Dance of the Dead (Ravenloft #3) ★☆☆☆½

danceofthedead (Custom)This review is written with a GPL 4.0 license and the rights contained therein shall supersede all TOS by any and all websites in regards to copying and sharing without proper authorization and permissions. Crossposted at WordPress, Blogspot & Librarything by Bookstooge’s Exalted Permission
Title: Dance of the Dead
Series: Ravenloft #3
Author: Christie Golden
Rating: 1.5 of 5 Stars
Genre: Franchise Fiction
Pages: 310
Format: Digital Edition



Raoul Dumont, captain of a paddle boat, steams up and down the rivers of Ravenloft bringing cheer and entertainment to all the small towns he visits. His troupe of actors regular perform a play he has written and Dumont’s young ward, Larissa Snowmane, is growing into her role as the villain of the piece.

However, while staying at an elven town, the main starlet of the show turns up dead and Dumont suspects the Elven Lord. He and the Crew make a run for it and pass through the mists. They come to a small town that Larissa recognizes as the one she grew up in many years ago before her father abandoned her to Dumont’s care.

Dumont begins to show his true colors and tries to take advantage of Larissa. She escapes, meets a young man named Willen and finds out that Dumont has a group of magical creatures as slaves in the hold of his boat. Dumont’s goal is to find a magical creature in this small town and in this he is aided by a Necromancer named Lond. Lond begins turning the crew into zombies that are directly controlled by Dumont. Lond wants out of the town, as he has made an enemy of the Lord of the Manor, a vampiric necromancer of immense power.

Larissa escapes into the swamp, finds out her white hair (hence the name Snowmane) gives her a special connection and is taught by the Swamp Witch. However, before they can attack Dumont or Lond, they must get permission from the Lord of the Manor, as nothing occurs without his personal approval. He teaches Larissa the Dance of the Dead and sends her on her way.

A battle ensues between the gang on the boat and denizens of the swamp. Things aren’t looking good for Larissa’s friends as Lond is just resurrecting them and using them for his side. Larissa dances the Dance of the Dead (which she was told would allow her to control all zombies) only to find out that not only can she control all zombies but she makes zombies of anyone who watches the dance. Willen gets zombified and Lond kills Dumont to try to escape. Lond ends up dying in a contest of wills and Larissa’s group wins.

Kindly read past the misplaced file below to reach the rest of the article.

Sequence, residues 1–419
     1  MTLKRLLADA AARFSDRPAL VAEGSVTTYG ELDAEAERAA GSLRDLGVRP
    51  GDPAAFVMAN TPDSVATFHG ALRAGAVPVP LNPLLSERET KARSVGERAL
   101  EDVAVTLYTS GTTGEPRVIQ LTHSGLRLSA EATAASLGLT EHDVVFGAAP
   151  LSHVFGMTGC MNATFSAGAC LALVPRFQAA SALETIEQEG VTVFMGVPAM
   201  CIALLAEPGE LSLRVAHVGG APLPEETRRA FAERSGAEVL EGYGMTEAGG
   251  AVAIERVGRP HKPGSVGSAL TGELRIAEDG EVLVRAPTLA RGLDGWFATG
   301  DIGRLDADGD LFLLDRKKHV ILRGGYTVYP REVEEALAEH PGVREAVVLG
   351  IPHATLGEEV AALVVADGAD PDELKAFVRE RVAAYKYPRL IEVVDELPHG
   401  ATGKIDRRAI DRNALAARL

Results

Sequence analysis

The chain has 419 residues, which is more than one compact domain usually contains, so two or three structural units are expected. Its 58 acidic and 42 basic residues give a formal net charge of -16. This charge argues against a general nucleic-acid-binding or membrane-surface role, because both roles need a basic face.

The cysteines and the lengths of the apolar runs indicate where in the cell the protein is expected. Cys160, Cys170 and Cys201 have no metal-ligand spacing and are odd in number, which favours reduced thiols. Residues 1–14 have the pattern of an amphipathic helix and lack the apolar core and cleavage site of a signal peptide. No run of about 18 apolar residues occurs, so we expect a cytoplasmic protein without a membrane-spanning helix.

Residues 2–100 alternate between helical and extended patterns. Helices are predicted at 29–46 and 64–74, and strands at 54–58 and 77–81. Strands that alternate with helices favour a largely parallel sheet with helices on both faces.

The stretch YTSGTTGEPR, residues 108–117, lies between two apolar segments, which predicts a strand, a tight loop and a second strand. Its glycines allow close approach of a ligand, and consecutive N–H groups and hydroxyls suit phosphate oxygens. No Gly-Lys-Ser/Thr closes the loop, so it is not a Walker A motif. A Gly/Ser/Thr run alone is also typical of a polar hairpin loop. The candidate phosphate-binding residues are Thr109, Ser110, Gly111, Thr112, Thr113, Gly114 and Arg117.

The book ends with the remaining non-zombies asking Larissa to be the Captain of the Boat and she begins making eyes at one of the men.


My Thoughts:

What an utter piece of tripe. This had every cliché and trope possible for “Young Heroine Comes Into Her Own”.

Also, nothing about this seems to actually be in the Realm of Ravenloft. If Dumont could travel willy-nilly through the mists, he could have made himself king. This was just a Grl Power fantasy book with the name “Ravenloft” stamped on it.

A stinker of a book. If the next Ravenloft book is anything close to this I’m done with the series. I always knew this would happen but I have to admit I was hoping it wouldn’t happen until later in the series.

C’est la Vie!



bookstooge (Custom)


19 thoughts on “Dance of the Dead (Ravenloft #3) ★☆☆☆½

  1. Ola G says:

    And now I kind of start to recognize what always irked me about Dragonlance… 😉 Still, I’m sorry you had such a bad experience with it!

    Liked by 1 person

    • Bookstooge says:

      Franchise fiction will always let the readers down at some point. I’ll probably stop this series after the next book, unless it is fantastic (which, by it’s very nature it almost simply can’t be).

      Liked by 1 person

  2. salonimore1702 says:

    Oh damn, a 1.5?!?! The book does sound kind of terrible though. Are you going to read the rest of the series? Or was this the last book?

    Liked by 1 person

  3. As usual, I am in awe of your determination in giving series another chance after such a thoroughly bad book… The patience of a saint, indeed! 😀

    Liked by 1 person

  4. pcbushi says:

    Interesting. I’ve heard of the Ravenloft D&D setting, but didn’t realize there were books. I guess it makes sense, though – all the D&D campaign settings seem to get this treatment.

    Liked by 1 person

  5. Don’t tell me you’re back on those hot streak of poo reads… Doesn’t sound like a good one though.

    Liked by 1 person

  6. Urgh doesn’t sound great at all! Hopefully there are better reads to come for you!

    Liked by 1 person

  7. savageddt says:

    Just when i thought you had a spell of good books🙈

    Liked by 1 person

  8. Off The TBR says:

    They didn’t publish very many Ravenloft books did they? My memory thinks three or four? I haven’t looked it up.

    Liked by 1 person

  9. […] good I guess.  I’ve also decided to get rid of the Ravenloft series, even though I stated in Dance of the Dead that I was going to give it one more chance. With the changes I’ll be talking about later in […]


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